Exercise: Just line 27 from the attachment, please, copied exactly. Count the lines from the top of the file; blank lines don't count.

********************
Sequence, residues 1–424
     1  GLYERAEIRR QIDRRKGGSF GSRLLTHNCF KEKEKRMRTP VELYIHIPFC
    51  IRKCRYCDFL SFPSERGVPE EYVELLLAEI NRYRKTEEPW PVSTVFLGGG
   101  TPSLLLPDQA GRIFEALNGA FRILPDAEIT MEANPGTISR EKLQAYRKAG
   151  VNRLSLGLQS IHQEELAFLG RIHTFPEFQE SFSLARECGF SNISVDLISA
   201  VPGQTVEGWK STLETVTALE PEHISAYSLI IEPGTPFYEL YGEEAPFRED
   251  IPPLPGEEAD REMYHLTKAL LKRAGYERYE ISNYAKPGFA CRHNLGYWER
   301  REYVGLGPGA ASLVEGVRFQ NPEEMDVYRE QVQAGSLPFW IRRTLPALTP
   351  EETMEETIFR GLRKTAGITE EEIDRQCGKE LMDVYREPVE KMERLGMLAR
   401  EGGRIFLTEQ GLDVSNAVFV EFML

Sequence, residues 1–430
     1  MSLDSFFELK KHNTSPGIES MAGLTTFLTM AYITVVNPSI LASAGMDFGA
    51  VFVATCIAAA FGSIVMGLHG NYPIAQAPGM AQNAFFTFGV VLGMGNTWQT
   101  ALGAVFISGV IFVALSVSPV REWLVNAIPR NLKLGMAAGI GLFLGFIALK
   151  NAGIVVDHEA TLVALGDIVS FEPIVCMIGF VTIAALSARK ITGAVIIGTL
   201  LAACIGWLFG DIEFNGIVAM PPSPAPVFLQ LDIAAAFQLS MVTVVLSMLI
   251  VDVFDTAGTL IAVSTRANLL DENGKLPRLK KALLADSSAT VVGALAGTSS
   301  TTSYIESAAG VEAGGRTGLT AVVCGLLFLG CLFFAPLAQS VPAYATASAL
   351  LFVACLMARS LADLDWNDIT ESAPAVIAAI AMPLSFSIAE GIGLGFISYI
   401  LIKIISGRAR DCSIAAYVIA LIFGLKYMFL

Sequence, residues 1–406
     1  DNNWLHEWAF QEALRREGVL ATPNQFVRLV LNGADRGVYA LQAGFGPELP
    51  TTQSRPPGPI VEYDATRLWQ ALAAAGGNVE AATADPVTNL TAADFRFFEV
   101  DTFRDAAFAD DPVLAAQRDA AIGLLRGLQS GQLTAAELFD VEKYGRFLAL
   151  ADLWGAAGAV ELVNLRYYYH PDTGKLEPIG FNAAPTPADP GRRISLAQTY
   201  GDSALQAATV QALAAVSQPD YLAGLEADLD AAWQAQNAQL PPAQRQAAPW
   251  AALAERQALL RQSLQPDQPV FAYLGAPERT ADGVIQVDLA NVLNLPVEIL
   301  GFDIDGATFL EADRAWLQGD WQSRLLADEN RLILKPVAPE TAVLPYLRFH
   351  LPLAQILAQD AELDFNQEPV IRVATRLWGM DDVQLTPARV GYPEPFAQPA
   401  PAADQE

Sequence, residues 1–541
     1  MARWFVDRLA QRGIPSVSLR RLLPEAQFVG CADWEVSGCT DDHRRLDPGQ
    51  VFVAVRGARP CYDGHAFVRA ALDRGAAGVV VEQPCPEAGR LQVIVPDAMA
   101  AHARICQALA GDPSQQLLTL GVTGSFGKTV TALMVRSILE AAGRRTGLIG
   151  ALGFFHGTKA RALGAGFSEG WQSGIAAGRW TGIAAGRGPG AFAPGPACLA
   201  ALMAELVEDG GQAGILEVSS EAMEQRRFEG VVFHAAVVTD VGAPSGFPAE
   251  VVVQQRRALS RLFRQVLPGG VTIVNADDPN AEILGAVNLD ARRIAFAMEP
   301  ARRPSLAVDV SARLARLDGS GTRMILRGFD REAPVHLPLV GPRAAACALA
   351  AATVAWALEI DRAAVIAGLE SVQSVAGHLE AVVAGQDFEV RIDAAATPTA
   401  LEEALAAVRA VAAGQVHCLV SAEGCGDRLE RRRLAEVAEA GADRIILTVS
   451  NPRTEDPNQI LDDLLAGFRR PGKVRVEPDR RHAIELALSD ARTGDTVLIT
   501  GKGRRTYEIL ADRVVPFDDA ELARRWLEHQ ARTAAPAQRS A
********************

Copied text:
   251  AALAERQALL RQSLQPDQPV FAYLGAPERT ADGVIQVDLA NVLNLPVEIL